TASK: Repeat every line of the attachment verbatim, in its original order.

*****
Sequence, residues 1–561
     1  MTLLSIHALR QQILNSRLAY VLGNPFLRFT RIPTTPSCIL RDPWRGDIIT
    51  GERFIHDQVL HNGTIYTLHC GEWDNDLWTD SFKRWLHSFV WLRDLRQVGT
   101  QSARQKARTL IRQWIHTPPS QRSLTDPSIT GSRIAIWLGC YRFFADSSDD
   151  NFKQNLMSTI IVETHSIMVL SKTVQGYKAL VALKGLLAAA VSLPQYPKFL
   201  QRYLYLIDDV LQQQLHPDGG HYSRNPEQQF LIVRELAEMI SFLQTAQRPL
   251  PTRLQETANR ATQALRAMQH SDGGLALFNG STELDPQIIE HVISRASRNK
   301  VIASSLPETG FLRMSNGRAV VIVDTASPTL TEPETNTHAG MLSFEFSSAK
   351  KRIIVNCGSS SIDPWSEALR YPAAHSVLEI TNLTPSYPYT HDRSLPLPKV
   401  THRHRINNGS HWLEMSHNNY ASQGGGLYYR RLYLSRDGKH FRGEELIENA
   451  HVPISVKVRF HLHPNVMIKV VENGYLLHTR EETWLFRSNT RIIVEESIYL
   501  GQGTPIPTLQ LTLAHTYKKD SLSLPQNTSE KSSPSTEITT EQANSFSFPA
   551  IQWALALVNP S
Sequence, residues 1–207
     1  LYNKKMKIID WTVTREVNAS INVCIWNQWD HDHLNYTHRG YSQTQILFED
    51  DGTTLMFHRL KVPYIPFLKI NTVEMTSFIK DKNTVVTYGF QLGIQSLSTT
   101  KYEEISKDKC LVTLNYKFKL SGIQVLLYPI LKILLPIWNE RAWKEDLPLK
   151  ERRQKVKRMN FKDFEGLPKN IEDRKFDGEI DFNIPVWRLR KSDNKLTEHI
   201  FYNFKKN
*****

Sequence, residues 1–561
     1  MTLLSIHALR QQILNSRLAY VLGNPFLRFT RIPTTPSCIL RDPWRGDIIT
    51  GERFIHDQVL HNGTIYTLHC GEWDNDLWTD SFKRWLHSFV WLRDLRQVGT
   101  QSARQKARTL IRQWIHTPPS QRSLTDPSIT GSRIAIWLGC YRFFADSSDD
   151  NFKQNLMSTI IVETHSIMVL SKTVQGYKAL VALKGLLAAA VSLPQYPKFL
   201  QRYLYLIDDV LQQQLHPDGG HYSRNPEQQF LIVRELAEMI SFLQTAQRPL
   251  PTRLQETANR ATQALRAMQH SDGGLALFNG STELDPQIIE HVISRASRNK
   301  VIASSLPETG FLRMSNGRAV VIVDTASPTL TEPETNTHAG MLSFEFSSAK
   351  KRIIVNCGSS SIDPWSEALR YPAAHSVLEI TNLTPSYPYT HDRSLPLPKV
   401  THRHRINNGS HWLEMSHNNY ASQGGGLYYR RLYLSRDGKH FRGEELIENA
   451  HVPISVKVRF HLHPNVMIKV VENGYLLHTR EETWLFRSNT RIIVEESIYL
   501  GQGTPIPTLQ LTLAHTYKKD SLSLPQNTSE KSSPSTEITT EQANSFSFPA
   551  IQWALALVNP S
Sequence, residues 1–207
     1  LYNKKMKIID WTVTREVNAS INVCIWNQWD HDHLNYTHRG YSQTQILFED
    51  DGTTLMFHRL KVPYIPFLKI NTVEMTSFIK DKNTVVTYGF QLGIQSLSTT
   101  KYEEISKDKC LVTLNYKFKL SGIQVLLYPI LKILLPIWNE RAWKEDLPLK
   151  ERRQKVKRMN FKDFEGLPKN IEDRKFDGEI DFNIPVWRLR KSDNKLTEHI
   201  FYNFKKN